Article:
Agricultural emissions could decrease by up to 20% by 2030, if most of the measures in the Climate Action Plan 2023, AgClimatise and the Teagasc marginal abatement cost curve (MACC) are implemented, the Environmental Protection Agency (EPA) has said.
However, this means the sector is projected to miss its sectoral emissions ceiling in 2030 by 5%, the EPA said in its greenhouse gas (GHG) emissions projections report for 2022 to 2040.
“Total emissions from the agriculture sector are projected to decrease by between 4% and 20% over the period 2021 to 2030.
"Savings are projected from a variety of measures, including switching to different fertilisers, limits on nitrogen fertiliser usage and bovine feed additives.
“The higher-ambition scenario assumes that most of the measures outlined in Climate Action Plan 2023, AgClimatise and Teagasc (MACC) are in place,” it stated.
In 2021, the sector contributed 38% of Ireland’s total emissions. By 2030, the sector is projected to account for 43% of Ireland’s total emissions.
The data underpinning the agriculture projections is based on an updated analysis undertaken by Teagasc of the projected animal populations, crop areas and fertiliser use.
The EPA has projected a fall in emissions in two scenarios for 2030 - one scenario could see emissions fall by 4% and another scenario could see emissions fall by up to 20%.
4% reduction scenario
Emissions will fall by 4% over the period 2021-2030 from 23.6 to 22.8 million tonnes of CO2 equivalent (MT CO2 eq) under the ‘with existing measures’ scenario.
This scenario is a projection of future emissions based on the measures currently implemented and actions which are committed to by Government.
These measures must have been in place by the end of 2021. Examples include nitrates action programme actions, such as low emission slurry spreading (LESS) on all derogation farms.
“Current evidence shows that the use of LESS has penetrated to non-derogation farms. Therefore, the target of 90% of slurries spread by LESS by 2027 as per AgClimatise is applied,” the EPA said.
Other examples include a rise in lime applications to 2m tonnes per annum by 2030 and the use of protected urea remaining at current levels.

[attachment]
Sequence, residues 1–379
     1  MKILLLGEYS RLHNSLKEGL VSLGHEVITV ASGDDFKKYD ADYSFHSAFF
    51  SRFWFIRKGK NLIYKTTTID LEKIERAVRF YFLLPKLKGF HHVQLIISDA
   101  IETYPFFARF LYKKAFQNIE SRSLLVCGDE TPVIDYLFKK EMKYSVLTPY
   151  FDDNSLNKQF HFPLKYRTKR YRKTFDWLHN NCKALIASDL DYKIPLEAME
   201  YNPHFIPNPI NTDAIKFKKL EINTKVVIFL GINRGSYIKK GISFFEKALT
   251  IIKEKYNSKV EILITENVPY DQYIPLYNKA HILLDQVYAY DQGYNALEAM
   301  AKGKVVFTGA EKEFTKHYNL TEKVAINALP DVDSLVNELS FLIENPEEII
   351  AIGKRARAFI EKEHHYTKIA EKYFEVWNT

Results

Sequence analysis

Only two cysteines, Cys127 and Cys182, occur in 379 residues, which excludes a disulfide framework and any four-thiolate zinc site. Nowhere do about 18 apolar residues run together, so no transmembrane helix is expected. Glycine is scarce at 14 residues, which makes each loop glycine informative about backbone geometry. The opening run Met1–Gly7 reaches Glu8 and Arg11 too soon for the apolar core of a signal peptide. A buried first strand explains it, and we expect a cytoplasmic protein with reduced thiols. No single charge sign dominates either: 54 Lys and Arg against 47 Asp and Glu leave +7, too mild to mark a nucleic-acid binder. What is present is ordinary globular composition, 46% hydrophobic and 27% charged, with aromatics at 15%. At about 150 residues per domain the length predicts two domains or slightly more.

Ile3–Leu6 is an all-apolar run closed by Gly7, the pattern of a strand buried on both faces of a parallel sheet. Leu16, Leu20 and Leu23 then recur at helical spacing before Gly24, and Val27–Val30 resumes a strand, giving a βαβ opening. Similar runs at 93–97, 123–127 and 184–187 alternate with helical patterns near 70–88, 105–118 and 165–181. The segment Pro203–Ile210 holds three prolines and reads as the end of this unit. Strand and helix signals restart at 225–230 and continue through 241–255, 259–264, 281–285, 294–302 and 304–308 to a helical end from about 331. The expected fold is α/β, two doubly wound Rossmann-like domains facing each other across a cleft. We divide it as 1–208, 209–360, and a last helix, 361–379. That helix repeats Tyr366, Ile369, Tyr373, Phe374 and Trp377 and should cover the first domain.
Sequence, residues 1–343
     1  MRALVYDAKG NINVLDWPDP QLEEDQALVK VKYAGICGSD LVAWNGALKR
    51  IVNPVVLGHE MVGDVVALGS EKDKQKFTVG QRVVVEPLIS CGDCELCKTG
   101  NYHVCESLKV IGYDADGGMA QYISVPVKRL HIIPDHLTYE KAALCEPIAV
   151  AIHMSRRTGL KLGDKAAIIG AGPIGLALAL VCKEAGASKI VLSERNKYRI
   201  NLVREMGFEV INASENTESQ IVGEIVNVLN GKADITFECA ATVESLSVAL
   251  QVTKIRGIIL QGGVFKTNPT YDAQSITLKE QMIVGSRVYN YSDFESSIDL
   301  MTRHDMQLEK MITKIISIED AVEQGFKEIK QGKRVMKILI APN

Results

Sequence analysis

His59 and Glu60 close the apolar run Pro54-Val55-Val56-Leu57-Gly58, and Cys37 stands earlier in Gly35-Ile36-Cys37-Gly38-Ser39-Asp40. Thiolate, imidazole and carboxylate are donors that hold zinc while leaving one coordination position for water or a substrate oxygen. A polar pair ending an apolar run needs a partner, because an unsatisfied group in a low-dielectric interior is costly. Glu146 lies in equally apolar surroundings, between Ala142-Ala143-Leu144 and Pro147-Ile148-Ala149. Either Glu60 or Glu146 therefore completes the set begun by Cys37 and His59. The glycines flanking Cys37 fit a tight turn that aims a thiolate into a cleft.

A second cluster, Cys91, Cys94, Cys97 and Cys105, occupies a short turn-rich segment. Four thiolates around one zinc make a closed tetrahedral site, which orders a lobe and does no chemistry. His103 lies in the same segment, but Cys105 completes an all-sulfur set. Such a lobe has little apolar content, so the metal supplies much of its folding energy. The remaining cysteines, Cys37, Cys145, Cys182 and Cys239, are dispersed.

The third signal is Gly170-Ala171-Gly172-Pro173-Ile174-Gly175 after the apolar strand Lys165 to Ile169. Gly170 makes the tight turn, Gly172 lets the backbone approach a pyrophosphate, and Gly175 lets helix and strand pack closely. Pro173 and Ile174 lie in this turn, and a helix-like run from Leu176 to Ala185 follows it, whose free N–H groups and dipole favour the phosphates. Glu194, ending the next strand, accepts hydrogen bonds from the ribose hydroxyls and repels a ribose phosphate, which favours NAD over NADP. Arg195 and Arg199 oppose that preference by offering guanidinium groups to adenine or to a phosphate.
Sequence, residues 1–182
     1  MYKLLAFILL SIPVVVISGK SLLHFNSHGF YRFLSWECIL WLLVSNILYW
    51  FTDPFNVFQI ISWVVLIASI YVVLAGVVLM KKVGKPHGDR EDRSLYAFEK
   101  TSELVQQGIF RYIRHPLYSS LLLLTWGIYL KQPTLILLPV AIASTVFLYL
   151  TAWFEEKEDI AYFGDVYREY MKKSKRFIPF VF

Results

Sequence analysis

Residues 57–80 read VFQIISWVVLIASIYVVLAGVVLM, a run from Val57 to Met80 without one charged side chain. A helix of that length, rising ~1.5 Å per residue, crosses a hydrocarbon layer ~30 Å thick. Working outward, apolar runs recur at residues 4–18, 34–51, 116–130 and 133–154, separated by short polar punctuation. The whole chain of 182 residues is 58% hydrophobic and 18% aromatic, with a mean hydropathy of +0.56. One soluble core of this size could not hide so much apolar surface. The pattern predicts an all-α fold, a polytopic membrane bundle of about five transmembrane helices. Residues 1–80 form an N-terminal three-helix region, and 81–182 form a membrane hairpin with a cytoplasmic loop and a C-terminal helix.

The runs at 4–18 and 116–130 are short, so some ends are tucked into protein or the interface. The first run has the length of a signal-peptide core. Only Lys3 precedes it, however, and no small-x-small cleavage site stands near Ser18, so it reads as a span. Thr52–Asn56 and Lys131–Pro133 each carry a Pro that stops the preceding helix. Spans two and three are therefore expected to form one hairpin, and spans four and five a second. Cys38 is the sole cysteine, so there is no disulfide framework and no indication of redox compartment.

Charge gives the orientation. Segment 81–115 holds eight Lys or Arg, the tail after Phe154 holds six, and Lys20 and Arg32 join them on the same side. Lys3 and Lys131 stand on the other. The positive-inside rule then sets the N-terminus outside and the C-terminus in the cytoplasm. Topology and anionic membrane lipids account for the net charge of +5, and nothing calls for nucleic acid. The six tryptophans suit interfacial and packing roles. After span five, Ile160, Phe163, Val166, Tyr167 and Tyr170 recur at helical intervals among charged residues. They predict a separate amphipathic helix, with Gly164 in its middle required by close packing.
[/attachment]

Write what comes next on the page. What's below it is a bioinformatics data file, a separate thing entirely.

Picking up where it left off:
20% reduction scenario
Emissions are projected to decrease to 19MT CO2 eq over the period 2021-2030 under the ‘with additional measures’ scenario.
This scenario assumes all of the existing measures plus the measures outlined in Climate Action Plan 2023, the Teagasc MACC, AgClimatise and Teagasc ammonia MACC.
These measures include:
Emissions from the land use, land use change and forestry (LULUCF) sector are projected to increase over the period 2021 to 2030.
This is as a result of the current forestry crop reaching harvesting age and it changes from a carbon sink to a carbon source.
“Planned policies and measures for the sector, such as increased afforestation, water table management on agricultural organic soils and peatland rehabilitation, are projected to reduce the extent of the emissions increase,” the EPA said.
Overall, the EPA has said that Ireland will fall short of its 51% cut in GHG emissions by 2030 and instead is projected to achieve a reduction of 29%.
Almost all sectors of the economy are on a trajectory to exceed their national sectoral emissions ceilings for 2025 and 2030, including agriculture, electricity and transport and the first two carbon budgets (2021-2030) will not be met, and “by a significant margin”.
The EPA said reaching the 2030 target requires implementing policies that “deliver emissions reductions across all sectors in the short term”.
“Ireland needs to fully implement the actions in the Climate Action Plan 2023 that have been defined; firm up the actions that currently don’t have associated policies and measures, such as diversification in agriculture; and identify and implement further policies and measures,” it said.